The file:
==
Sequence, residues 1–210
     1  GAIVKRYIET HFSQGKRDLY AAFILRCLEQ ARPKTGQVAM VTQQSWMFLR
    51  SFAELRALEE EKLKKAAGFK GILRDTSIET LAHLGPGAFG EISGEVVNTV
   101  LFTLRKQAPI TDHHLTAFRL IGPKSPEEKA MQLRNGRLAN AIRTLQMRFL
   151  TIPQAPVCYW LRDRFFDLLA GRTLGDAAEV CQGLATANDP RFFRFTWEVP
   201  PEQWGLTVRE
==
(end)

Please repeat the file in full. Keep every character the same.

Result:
Sequence, residues 1–210
     1  GAIVKRYIET HFSQGKRDLY AAFILRCLEQ ARPKTGQVAM VTQQSWMFLR
    51  SFAELRALEE EKLKKAAGFK GILRDTSIET LAHLGPGAFG EISGEVVNTV
   101  LFTLRKQAPI TDHHLTAFRL IGPKSPEEKA MQLRNGRLAN AIRTLQMRFL
   151  TIPQAPVCYW LRDRFFDLLA GRTLGDAAEV CQGLATANDP RFFRFTWEVP
   201  PEQWGLTVRE